334.A local authority byelaw is a law which has been made by a local authority under a power conferred by statute. Currently local authority byelaws must be confirmed by the Secretary of State. Offences against local authority byelaws attract a penalty fine, which is enforced through the Magistrates’ Courts.
335.These sections give effect to the Government’s proposals to simplify procedures for making and enforcing local authority byelaws. Proposals for changes to current procedures were set out in the Government’s discussion paper Local Authority Byelaws: Procedures for making, confirming and enforcing byelaws, issued in April 2006. Decisions on action to be taken were then announced in the Local Government White Paper.
336.The Government initially intends to use the powers in these sections to introduce new procedures for local authorities to make byelaws and enforce them through fixed penalty notices only in relation to local authority byelaws which are confirmed by the Secretary of State for Communities and Local Government. These byelaws regulate matters such as low-level nuisance in local spaces (for example parks and beaches, the use of market places and the cleanliness of barbers’ and hairdressers’ premises). The powers could be used in relation to byelaws in other areas in the future.
337.These sections enable the Secretary of State to make regulations establishing a new procedure for local authorities to follow in making byelaws. The intention is that this power will be used so that once local authorities have consulted on, prepared and advertised draft byelaws locally, they can be enacted without confirmation by the Secretary of State. The Secretary of State will have the power to make regulations dealing in particular with consultation on, and the advertisement of, byelaws locally and the power to issue guidance in relation to the new procedures.
338.The sections also provide for the enforcement of byelaws through fixed penalty notices, as an alternative to enforcement through Magistrates Courts. This will bring the enforcement of byelaws on to the same footing as the enforcement of other low-level nuisance activities, and will facilitate a more coordinated approach to the enforcement of such matters.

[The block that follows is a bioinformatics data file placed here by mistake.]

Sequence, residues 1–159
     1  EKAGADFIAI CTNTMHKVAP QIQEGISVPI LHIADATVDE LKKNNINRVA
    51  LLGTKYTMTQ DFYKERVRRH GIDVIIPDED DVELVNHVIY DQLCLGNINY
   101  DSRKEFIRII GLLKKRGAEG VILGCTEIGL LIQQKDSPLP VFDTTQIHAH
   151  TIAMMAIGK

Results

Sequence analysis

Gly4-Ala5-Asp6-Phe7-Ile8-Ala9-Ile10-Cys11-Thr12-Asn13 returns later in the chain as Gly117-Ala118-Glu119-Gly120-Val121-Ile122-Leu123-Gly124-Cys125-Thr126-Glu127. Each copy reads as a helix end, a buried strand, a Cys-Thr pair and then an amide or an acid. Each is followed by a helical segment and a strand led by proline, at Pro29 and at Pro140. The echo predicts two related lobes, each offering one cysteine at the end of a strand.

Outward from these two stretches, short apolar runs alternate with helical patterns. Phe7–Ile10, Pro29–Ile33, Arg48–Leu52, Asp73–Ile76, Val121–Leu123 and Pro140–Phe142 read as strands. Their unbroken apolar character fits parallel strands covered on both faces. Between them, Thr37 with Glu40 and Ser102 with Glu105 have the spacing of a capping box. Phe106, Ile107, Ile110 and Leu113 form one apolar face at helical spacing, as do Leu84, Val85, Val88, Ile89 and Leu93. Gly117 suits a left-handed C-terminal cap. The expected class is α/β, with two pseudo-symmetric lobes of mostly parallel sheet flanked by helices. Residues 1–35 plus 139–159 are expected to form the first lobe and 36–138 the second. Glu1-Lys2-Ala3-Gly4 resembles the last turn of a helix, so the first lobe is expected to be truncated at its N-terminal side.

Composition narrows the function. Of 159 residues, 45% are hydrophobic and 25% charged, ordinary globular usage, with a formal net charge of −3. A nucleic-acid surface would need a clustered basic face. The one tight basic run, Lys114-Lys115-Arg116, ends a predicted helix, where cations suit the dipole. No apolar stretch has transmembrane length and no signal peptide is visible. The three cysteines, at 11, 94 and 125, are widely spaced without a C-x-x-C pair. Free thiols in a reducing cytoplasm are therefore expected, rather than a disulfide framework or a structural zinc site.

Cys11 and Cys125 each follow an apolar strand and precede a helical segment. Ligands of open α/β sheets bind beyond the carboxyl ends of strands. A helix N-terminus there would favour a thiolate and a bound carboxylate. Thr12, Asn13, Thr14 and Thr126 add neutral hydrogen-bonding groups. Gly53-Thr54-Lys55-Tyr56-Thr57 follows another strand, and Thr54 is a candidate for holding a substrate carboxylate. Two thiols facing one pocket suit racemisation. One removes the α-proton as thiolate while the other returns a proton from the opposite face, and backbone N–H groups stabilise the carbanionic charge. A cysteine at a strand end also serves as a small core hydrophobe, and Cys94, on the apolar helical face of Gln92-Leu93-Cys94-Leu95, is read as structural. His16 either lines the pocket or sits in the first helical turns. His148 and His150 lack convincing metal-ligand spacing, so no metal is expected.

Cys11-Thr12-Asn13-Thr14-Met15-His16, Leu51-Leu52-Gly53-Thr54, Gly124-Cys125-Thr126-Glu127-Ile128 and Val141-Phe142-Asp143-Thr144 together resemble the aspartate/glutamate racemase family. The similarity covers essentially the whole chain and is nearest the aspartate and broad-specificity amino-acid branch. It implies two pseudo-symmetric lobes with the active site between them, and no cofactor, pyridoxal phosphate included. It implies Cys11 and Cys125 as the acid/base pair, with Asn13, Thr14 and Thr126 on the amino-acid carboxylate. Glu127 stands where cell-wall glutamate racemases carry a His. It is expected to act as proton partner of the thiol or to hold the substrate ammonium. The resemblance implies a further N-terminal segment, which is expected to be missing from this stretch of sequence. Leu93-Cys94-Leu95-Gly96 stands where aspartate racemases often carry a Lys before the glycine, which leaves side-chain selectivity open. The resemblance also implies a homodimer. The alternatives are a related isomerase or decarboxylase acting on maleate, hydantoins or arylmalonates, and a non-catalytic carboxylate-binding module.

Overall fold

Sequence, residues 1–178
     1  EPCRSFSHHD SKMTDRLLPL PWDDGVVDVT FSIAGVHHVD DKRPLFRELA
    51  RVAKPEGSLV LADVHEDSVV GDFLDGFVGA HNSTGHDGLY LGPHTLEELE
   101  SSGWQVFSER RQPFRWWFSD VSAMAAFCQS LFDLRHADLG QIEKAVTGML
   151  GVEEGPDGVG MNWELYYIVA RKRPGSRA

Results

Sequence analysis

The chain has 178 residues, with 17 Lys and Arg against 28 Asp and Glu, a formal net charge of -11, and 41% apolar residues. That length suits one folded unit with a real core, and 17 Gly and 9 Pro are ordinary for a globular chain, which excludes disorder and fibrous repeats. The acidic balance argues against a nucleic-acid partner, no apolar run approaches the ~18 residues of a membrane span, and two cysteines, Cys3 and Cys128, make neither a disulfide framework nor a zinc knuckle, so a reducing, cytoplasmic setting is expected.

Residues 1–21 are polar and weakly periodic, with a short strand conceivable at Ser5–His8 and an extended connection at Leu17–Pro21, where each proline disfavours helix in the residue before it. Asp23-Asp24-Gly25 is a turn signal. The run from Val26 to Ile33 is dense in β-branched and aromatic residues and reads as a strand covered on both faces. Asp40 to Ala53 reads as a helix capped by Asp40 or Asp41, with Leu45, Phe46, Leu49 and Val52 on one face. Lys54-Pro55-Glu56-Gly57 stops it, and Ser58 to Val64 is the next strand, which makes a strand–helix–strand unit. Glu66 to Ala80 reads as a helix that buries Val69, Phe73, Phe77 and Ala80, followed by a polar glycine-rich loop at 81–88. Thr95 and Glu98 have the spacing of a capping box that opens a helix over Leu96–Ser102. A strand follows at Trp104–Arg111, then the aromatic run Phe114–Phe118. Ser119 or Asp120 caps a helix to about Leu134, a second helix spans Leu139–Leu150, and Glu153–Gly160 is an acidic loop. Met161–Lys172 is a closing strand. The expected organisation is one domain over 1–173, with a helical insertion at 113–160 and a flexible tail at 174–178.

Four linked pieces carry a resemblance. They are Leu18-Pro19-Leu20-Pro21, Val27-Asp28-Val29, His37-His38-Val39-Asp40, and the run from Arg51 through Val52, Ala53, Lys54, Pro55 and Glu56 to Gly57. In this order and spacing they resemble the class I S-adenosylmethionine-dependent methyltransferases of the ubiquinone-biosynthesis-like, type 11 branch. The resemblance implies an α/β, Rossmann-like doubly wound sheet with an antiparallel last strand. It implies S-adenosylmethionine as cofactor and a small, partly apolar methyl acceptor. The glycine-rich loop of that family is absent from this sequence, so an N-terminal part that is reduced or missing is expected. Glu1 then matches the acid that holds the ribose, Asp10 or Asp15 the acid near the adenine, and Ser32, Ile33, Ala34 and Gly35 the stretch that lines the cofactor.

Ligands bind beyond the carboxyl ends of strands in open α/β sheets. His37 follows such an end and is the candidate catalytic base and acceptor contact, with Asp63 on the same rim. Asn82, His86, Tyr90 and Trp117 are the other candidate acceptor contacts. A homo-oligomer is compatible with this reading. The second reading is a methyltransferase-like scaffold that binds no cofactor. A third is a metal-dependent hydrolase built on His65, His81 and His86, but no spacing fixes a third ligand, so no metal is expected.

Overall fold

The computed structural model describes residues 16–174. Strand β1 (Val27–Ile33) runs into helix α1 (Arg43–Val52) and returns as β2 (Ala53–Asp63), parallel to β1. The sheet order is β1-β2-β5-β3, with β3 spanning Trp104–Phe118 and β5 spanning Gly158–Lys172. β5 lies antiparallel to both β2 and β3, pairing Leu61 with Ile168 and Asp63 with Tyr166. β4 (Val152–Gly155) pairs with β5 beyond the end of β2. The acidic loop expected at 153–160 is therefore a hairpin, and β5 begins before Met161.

Section 129: Alternative procedure for byelaws
339.This section inserts a new section 236A into the Local Government Act 1972. This will give the Secretary of State, in relation to England, the power to make regulations prescribing classes of byelaws which can be made using the procedure described in the regulations rather than the procedure in section 236 of that Act. The intention is that regulations will prescribe a procedure which does not require the byelaw to be confirmed by the Secretary of State. It will be possible for the classes of byelaw to which the alternative procedures will apply to be described in different ways – by reference to one or more of the enabling power for the byelaws, their subject matter, and the authority empowered to make or confirm the byelaws. This approach has been taken to ensure that regulations can describe clearly which byelaws will be subject to the alternative procedures, and, therefore, ensure certainty as to which local authority byelaws will continue to be subject to the procedure in section 236 of the Local Government Act 1972.
340.In prescribing the alternative procedures to be followed, the section empowers the Secretary of State to include in regulations provision on the consultation procedures which local authorities should follow before a byelaw is made, and on local publicity after a new byelaw has been made.
Section 130: Fixed penalties for breach of byelaws
341.This section inserts new sections 237A to 237C, and new section 237F, into the Local Government Act 1972.